AKB48 when they aren't selling Japanese government bonds. Wikimedia Commons.
AKB48 when they aren't selling Japanese government bonds. Wikimedia Commons.

The headline isn’t a joke or a line from TheOnion.com, but an ad campaign Tokyo has used since 2002 to seduce households, single or otherwise, to help finance the developed world’s largest debt burden.

The first sex-sells-bonds effort saw supermodel Norika Fujiwara appearing, scantily clad, in a barrage of television and magazine pitches suggesting girls fall for guys who buy government bonds.

It reappeared in 2009, when Tokyo hired actress Koyuki, who starred alongside Tom Cruise in The Last Samurai, to wink at would be bond-buyers.

Still of The Last Samurai. Photo via Twitter
Koyuki in movie still of The Last Samurai in which she didn’t say: “Would you please buy a government bond, Mr Samurai.” Photo via Twitter

In 2010, the ads appeared in taxis declaring “Women have a thing for men who own JGBs!!”

In 2012, Tokyo tapped AKB48, a wildly popular girl band, to gin up sales with their miniskirts and come-hither looks.

Japan might stimulate less eye-rolling and better results if it employed its female masses differently.

Rather than use them as props to sell government IOUs, why not coax them into the labor market to help Japan lower a debt burden more than twice the size of the economy?

A population shrinking as fast as Japan’s would typically import replacement talent. It shrank by nearly 1 million in 2016, while Japan’s borrowing campaign is increasing apace. A strong aversion to immigration makes that unlikely.

In the meantime, that disconnect is a clear and present danger to financial stability. Any jump in bond rates (10-year debt yields 0.6%) would increase Tokyo’s repayment burden exponentially, sending the yen and Nikkei stock average reeling.

A US$10 trillion debt, an aging population and a negligible birthrate could conspire to spook bond traders at any moment.

Read: By paying women less is Japan deepening its own deflation?

This unholy trinity of risk has long made investors like Jim Rogers in Singapore wary of buying Japanese debt.

“There will be no Japanese,” he’s warned in the past. “Who will pay the enormous debt?”

In recent years, short-sellers like Kyle Bass of Hayman Capital Management circled Japan’s aging economy. To be sure, those betting on a Japanese bond crash aren’t making any money these days, but the demographics-and-debt trajectory isn’t comforting.

The good news, say economists like Nicholas Smith of CLSA Asia-Pacific Markets, is that Japan enjoys two demographic cushions to buy some time on the debt front.

One is a surplus of highly-skilled retirees companies can rehire at fractions of their previous salaries. The other: an underemployed female population that could not only staff the economy, but help increase productivity and economic growth.

As Goldman Sachs estimates, gross domestic product would get a 15% boost if the female participation rate matched that of men, about 80% (it’s now about 66%).

As Goldman Sachs estimates, gross domestic product would get a 15% boost if the female participation rate matched that of men, about 80% (it’s now about 66%).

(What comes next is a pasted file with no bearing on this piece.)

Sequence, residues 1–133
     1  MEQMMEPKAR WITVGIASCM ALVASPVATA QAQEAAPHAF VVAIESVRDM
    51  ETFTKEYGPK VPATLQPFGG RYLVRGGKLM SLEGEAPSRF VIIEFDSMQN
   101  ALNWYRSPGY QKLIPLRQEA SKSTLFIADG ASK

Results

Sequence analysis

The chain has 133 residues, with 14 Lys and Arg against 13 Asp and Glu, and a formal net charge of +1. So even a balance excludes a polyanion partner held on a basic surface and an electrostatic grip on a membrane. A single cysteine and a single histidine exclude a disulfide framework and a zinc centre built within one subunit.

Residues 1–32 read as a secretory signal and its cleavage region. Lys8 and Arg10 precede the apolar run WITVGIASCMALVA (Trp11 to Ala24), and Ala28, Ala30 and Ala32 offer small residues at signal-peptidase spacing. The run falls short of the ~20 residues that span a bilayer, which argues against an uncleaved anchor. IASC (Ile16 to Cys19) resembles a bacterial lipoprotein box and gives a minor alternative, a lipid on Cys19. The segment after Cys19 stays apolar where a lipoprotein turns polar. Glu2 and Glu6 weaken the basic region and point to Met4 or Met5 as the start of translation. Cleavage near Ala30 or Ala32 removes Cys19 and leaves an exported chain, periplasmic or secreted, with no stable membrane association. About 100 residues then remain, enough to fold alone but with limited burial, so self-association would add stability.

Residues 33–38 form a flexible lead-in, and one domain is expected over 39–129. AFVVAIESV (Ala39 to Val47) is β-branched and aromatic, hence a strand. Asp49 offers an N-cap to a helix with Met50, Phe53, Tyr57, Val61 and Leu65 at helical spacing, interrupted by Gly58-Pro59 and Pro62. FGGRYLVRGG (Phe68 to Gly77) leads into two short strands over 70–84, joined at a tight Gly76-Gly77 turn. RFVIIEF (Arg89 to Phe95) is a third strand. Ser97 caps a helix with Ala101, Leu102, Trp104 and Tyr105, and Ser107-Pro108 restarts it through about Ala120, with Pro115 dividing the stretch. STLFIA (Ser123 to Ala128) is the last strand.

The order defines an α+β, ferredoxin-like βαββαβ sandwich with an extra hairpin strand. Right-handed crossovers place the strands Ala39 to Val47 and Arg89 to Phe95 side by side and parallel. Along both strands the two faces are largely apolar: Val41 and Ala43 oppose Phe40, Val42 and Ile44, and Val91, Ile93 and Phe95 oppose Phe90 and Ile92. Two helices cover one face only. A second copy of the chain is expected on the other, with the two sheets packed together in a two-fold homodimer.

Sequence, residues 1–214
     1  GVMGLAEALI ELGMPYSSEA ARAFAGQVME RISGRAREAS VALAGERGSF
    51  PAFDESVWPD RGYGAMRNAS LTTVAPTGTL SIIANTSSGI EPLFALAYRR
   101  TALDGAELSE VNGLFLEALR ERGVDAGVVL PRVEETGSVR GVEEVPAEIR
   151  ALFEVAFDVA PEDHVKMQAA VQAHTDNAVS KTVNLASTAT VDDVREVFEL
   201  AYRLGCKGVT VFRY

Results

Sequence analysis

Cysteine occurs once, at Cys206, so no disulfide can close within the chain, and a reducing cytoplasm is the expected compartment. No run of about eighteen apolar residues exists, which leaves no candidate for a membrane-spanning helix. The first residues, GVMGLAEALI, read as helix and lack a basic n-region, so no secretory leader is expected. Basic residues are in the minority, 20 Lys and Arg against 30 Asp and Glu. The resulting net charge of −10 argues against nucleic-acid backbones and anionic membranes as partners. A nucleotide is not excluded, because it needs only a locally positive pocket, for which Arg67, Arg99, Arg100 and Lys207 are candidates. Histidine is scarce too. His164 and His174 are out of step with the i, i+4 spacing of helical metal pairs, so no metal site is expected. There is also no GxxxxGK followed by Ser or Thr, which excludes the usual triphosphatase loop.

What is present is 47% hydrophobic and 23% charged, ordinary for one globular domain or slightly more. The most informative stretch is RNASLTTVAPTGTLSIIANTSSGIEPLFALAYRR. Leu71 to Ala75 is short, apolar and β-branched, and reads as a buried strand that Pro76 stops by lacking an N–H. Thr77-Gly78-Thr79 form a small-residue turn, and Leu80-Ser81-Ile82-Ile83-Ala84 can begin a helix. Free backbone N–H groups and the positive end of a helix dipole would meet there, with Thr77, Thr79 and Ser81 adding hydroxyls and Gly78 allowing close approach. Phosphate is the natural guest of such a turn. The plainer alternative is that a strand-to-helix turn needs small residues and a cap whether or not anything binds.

Even half that positive jolt would help Tokyo do something it’s been trying to do for 20 years: grow its way back to fiscal health.

Supply-side reforms – like the deregulation Shinzo Abe promised –are needed to wean Tokyo off its addiction to fiscal pump-priming and monetary largess. But faster growth is vital, too.

Deflation, remember, makes servicing debt more difficult.

It reduces tax revenues, business investment and household demand. Pulling more women into the workforce could help stabilize prices and set the stage for debt reduction.

Unfortunately, the zeitgeist is debt reinterpretation. Prime Minister Abe’s team is tweaking measurement parameters, including targeting the debt-to-GDP ratio, rather than focusing on net reduction.

It just means debt managers are free to expand the denominator – and the optics – to avoid difficult cuts to spending and services.

Read: Tokyo Governor Yuriko Koike – Japan’s real female role model

What can’t be tweaked, though, is the harsh reality that Japan is running out of workers. Well, male workers at least.

Enticing more women into the labor market could have a shock-absorbing effect on Japan’s debt structure. Question is, when will Tokyo fully employ it?

It’s great that the Abe administration added 400,000 childcare spots since 2012. Yet it’s a drop in the proverbial bucket in a 127 million-person nation still buckling under a shortage of daycare facilities.

Nor does that address the prohibitive costs. For many families, high daycare costs and the low pay from irregular work make the stay-at-home mom option more appealing.

It’s time for bolder, broader and, yes, sexier policies to address work-life imbalances that are making Japan’s debt burden harder and harder to fix.

William Pesek is a Tokyo-based journalist, former columnist for Barron’s and Bloomberg and author of “Japanization: What the World Can Learn from Japan’s Lost Decades.” Twitter: @williampesek

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